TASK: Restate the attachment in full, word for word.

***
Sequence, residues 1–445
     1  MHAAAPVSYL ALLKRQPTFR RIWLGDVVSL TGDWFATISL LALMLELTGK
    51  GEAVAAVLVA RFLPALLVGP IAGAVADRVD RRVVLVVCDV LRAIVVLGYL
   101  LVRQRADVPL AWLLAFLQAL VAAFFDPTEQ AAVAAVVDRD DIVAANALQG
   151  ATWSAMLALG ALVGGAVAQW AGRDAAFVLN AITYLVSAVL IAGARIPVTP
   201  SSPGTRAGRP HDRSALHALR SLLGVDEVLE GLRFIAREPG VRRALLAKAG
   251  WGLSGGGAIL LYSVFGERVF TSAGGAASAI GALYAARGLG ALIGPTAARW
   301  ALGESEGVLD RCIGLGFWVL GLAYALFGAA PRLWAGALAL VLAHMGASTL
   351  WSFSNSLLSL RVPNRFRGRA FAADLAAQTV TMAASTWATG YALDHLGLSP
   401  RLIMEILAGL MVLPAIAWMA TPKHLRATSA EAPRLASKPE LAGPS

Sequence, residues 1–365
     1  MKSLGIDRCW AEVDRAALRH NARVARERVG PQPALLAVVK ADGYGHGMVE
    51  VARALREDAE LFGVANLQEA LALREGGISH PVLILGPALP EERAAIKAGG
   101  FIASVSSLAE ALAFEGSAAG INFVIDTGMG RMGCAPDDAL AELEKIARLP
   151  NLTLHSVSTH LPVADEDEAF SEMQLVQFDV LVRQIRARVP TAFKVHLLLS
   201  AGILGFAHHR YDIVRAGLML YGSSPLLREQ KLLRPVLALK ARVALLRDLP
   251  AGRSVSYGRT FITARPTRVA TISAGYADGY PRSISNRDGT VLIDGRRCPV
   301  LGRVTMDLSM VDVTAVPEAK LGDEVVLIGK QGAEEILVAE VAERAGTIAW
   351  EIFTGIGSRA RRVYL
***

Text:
Sequence, residues 1–445
     1  MHAAAPVSYL ALLKRQPTFR RIWLGDVVSL TGDWFATISL LALMLELTGK
    51  GEAVAAVLVA RFLPALLVGP IAGAVADRVD RRVVLVVCDV LRAIVVLGYL
   101  LVRQRADVPL AWLLAFLQAL VAAFFDPTEQ AAVAAVVDRD DIVAANALQG
   151  ATWSAMLALG ALVGGAVAQW AGRDAAFVLN AITYLVSAVL IAGARIPVTP
   201  SSPGTRAGRP HDRSALHALR SLLGVDEVLE GLRFIAREPG VRRALLAKAG
   251  WGLSGGGAIL LYSVFGERVF TSAGGAASAI GALYAARGLG ALIGPTAARW
   301  ALGESEGVLD RCIGLGFWVL GLAYALFGAA PRLWAGALAL VLAHMGASTL
   351  WSFSNSLLSL RVPNRFRGRA FAADLAAQTV TMAASTWATG YALDHLGLSP
   401  RLIMEILAGL MVLPAIAWMA TPKHLRATSA EAPRLASKPE LAGPS

Sequence, residues 1–365
     1  MKSLGIDRCW AEVDRAALRH NARVARERVG PQPALLAVVK ADGYGHGMVE
    51  VARALREDAE LFGVANLQEA LALREGGISH PVLILGPALP EERAAIKAGG
   101  FIASVSSLAE ALAFEGSAAG INFVIDTGMG RMGCAPDDAL AELEKIARLP
   151  NLTLHSVSTH LPVADEDEAF SEMQLVQFDV LVRQIRARVP TAFKVHLLLS
   201  AGILGFAHHR YDIVRAGLML YGSSPLLREQ KLLRPVLALK ARVALLRDLP
   251  AGRSVSYGRT FITARPTRVA TISAGYADGY PRSISNRDGT VLIDGRRCPV
   301  LGRVTMDLSM VDVTAVPEAK LGDEVVLIGK QGAEEILVAE VAERAGTIAW
   351  EIFTGIGSRA RRVYL